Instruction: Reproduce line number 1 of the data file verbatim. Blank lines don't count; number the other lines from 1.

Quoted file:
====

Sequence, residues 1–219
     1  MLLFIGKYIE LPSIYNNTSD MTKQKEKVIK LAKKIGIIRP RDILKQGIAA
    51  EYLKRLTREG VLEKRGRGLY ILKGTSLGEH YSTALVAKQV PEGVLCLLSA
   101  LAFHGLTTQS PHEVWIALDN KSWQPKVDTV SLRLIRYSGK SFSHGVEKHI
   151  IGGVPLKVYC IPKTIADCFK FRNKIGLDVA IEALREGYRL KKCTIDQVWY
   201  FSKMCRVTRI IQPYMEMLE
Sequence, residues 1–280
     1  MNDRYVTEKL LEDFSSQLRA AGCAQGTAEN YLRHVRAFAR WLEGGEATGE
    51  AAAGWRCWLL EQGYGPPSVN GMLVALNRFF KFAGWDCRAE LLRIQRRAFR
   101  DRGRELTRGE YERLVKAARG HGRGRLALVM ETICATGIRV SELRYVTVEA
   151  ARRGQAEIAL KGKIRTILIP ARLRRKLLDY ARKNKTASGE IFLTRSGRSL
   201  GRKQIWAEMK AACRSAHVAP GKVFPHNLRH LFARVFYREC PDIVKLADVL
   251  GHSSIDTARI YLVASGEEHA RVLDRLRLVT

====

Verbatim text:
Sequence, residues 1–219